Fortunately, with meticulous estate planning conducted during your peak earning years, you can establish an inheritance that is safeguarded for and, if necessary, from your children. Remember, there are two things in life you cannot choose: your parents and your children's spouses.

Are your parents currently in or contemplating a transition to long-term care? If so, you've likely observed the substantial costs associated with various levels of care, from in-home assistance to assisted living to skilled nursing homes. These expenses can quickly deplete your parents' savings and investments accumulated through years of hard work and frugality.

Your prime earning years present an opportune moment to look ahead to the possibility of the need for your own long-term care when you are older by securing a long-term care insurance policy while you are still able to meet the necessary physical and mental qualifications. Some policies offer coverage exclusively for long-term care needs, while others offer the flexibility to convert into life insurance if long-term care assistance isn't required. This alternative to traditional long-term care insurance has gained popularity.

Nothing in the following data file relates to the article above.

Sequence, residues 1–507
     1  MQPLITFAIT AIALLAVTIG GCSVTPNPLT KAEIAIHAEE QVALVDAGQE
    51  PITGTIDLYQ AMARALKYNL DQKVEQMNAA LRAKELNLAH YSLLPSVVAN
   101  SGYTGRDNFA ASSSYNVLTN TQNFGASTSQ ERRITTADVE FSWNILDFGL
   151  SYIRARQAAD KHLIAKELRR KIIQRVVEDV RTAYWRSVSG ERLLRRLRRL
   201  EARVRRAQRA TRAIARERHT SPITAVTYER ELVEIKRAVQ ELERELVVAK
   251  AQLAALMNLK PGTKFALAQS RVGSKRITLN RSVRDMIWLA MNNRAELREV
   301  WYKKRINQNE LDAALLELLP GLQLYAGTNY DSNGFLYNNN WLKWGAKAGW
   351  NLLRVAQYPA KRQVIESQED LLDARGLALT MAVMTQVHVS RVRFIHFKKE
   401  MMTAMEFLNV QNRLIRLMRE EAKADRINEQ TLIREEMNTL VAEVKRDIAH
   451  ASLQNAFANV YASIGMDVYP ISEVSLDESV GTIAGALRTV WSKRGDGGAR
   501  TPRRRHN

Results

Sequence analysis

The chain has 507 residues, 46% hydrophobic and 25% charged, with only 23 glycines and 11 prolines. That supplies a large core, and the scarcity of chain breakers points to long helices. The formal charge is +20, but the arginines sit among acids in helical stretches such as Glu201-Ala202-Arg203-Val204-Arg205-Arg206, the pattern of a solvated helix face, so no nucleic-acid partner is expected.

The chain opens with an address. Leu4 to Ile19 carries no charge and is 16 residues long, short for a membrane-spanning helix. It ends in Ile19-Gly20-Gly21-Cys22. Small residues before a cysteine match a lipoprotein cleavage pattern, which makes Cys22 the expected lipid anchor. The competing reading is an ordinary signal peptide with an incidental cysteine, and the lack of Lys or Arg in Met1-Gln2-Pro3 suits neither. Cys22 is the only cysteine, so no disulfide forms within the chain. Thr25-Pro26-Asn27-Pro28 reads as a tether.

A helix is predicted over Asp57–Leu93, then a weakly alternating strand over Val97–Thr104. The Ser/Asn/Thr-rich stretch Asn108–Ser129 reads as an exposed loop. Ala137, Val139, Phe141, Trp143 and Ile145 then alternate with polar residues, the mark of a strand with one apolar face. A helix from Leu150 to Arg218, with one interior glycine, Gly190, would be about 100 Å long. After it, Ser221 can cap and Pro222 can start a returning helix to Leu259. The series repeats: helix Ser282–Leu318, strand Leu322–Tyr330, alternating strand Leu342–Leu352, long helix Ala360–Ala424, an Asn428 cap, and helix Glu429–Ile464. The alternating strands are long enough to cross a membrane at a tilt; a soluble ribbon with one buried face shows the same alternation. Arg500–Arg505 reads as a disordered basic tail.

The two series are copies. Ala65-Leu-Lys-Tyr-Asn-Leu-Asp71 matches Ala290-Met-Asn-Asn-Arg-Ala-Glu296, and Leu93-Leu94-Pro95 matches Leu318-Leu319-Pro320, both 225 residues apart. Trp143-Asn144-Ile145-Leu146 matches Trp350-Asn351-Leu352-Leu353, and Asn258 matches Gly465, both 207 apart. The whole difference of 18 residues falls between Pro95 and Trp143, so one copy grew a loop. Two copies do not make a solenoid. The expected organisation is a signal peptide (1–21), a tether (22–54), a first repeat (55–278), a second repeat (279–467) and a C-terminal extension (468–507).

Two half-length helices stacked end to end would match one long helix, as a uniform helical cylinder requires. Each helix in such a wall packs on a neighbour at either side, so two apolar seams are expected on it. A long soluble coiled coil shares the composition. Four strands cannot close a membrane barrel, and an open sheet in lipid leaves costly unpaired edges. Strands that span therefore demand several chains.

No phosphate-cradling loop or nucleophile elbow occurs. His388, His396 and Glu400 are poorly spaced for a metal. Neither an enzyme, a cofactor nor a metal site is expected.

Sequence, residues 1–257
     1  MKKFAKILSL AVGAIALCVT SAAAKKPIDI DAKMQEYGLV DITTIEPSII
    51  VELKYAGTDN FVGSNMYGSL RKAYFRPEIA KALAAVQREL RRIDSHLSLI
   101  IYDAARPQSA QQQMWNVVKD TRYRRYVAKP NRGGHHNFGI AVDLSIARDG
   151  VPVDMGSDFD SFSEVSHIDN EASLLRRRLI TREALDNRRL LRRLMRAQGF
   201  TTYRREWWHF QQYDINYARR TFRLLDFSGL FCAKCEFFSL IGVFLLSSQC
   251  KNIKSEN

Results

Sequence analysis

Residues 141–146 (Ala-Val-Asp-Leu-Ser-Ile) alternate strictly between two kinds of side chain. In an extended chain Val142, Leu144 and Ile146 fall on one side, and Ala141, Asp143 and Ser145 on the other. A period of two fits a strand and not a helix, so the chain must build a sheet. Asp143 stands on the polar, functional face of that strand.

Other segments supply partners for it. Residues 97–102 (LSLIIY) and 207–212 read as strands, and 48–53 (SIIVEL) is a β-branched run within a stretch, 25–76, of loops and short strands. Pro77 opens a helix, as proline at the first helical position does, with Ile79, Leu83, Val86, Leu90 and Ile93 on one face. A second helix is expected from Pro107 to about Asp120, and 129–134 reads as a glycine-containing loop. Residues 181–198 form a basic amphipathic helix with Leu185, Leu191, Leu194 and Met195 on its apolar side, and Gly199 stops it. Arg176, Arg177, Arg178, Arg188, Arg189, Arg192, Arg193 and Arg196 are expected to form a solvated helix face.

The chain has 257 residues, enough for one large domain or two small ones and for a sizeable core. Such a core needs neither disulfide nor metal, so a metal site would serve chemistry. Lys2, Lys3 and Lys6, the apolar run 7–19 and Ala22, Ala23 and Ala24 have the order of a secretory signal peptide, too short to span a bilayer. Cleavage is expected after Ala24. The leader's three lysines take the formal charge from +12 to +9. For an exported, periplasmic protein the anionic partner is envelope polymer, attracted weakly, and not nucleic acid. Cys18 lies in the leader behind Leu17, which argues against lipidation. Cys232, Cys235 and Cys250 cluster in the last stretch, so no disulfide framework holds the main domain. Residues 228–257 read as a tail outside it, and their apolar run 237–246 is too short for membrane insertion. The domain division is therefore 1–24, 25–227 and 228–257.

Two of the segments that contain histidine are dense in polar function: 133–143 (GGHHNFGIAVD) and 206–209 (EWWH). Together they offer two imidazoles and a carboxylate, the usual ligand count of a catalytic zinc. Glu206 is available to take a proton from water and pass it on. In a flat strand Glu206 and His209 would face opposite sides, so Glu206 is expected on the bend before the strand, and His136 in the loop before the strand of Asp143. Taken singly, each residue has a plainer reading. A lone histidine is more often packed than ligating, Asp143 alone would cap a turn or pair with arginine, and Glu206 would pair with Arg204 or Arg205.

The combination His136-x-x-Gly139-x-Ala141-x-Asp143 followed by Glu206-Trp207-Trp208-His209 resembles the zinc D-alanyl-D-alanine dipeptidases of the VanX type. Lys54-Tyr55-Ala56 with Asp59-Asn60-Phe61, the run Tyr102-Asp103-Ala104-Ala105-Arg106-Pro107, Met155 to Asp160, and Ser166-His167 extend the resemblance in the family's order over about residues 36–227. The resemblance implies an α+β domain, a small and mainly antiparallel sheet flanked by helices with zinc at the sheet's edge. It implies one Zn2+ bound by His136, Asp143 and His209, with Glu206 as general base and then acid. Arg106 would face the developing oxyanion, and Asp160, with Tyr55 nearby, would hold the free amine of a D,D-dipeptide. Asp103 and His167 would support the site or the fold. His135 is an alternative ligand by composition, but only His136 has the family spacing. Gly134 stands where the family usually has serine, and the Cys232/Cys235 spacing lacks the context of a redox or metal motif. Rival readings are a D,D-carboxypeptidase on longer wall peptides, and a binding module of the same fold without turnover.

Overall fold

Is Long-Term Care Insurance Actually Necessary?

The statistics are there is a 70% likelihood of requiring long-term care after reaching 65. Despite this statistic, 70% of individuals believe they won't fall into that category and 70% assume Medicare will cover such expenses (it does not).

It wise to consider that if you require help with daily activities like eating, bathing, dressing, toileting, or transferring, if you prefer to receive help from care professionals or to put this responsibility on your children, who may not have the time or financial resources to give you the care you need. If you do not have children, who will provide this ongoing assistance to you?